500+ religious leaders address heroin epidemic during Sunday church services

Posted at 1:26 PM, Apr 23, 2017

On Sunday more than 500 religious leaders of all denominations across Northeast Ohio took time during their Sunday services to address the heroin epidemic sweeping through our region. 

Those who took part deemed the day, 'awareness Sunday.'

"It is something that's happening in our region, something all of us need to understand. So that we can work together for the good of our community and for the good of your families," Father Bob Stec said during Sunday mass at St. Ambrose Parish in Brunswick. 

Stec has made raising awareness about heroin his personal mission for the better part of a year after performing funerals for six people over three weeks, all of whom passed away from an overdose. 

"The sadness simply overwhelmed me. I said, 'we need to talk about this. We need to do something about this,'" Stec said.

So in August 2016, Stec, along with a group of community members, launched The website was designed to educate the public about the problem and to provide resources to get help.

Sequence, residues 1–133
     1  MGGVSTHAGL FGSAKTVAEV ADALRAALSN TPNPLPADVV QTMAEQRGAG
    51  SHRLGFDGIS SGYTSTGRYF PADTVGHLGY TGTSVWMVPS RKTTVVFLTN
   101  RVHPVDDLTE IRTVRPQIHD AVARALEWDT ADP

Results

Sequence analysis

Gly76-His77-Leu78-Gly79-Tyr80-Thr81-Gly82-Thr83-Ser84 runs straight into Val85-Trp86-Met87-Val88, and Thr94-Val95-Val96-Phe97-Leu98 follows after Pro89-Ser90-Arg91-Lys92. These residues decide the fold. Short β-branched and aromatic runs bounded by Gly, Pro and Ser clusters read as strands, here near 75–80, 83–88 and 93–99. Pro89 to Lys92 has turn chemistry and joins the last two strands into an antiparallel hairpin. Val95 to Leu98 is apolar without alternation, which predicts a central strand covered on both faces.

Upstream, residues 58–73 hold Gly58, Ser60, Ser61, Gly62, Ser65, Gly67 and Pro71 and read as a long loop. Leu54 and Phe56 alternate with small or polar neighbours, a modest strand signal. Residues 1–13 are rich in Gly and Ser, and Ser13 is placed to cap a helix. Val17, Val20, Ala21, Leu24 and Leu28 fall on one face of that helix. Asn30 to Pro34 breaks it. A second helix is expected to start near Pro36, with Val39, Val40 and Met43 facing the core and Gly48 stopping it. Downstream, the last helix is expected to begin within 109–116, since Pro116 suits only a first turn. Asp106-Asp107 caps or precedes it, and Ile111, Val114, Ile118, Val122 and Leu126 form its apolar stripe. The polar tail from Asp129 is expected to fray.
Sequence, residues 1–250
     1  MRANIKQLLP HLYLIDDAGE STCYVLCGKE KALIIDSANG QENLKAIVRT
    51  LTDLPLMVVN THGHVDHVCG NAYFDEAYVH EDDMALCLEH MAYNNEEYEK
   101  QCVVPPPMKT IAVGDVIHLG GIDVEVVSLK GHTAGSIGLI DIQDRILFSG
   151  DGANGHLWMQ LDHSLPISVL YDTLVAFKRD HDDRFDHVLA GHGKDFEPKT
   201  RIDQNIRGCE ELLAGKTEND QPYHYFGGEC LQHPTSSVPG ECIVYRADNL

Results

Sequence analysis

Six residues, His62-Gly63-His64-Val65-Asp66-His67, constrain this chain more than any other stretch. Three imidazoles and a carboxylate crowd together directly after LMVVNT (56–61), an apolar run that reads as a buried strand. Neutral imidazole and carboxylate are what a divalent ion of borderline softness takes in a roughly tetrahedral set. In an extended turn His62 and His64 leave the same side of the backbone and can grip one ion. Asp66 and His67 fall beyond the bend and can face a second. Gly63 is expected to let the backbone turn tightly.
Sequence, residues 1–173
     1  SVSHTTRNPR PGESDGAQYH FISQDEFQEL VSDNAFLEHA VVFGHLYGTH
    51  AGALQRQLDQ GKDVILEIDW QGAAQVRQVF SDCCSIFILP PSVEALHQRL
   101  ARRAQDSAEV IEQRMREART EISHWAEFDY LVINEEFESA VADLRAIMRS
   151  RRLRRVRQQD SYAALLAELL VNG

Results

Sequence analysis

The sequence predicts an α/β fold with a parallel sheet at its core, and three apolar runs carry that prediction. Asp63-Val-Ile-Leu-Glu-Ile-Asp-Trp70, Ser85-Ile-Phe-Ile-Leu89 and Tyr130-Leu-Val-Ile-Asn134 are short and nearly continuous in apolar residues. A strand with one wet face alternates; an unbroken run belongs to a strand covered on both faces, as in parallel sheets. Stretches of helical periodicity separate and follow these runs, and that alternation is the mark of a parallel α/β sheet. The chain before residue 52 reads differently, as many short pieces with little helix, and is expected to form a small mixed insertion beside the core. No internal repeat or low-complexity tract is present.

But the group behind the website wanted to take the next step and address the crisis inside local churches to spread awareness.

"We all know this is impacting our community and our members. We need to do something. We need God's guidance and God's help to break the darkness, to break the grip of addiction that's impacting our state, our region and honestly our country," Stec said.

Medina County Sheriff Tom Miller attended Sunday's mass at St. Ambrose and was grateful the subject was brought to the community's attention.

"I've been doing law enforcement for 43 years - this is the worst I've seen it," Sheriff Miller said.

Miller said his deputies are responding to several drug-related calls on a daily basis. He said it's time for the community to step up and help fix the problem.

"If we don't have a societal effort to impact on it, we aren't going to be successful. It's a very difficult disease to beat and we need help everywhere," Miller said.

For more information about the efforts of Stec and others, click here.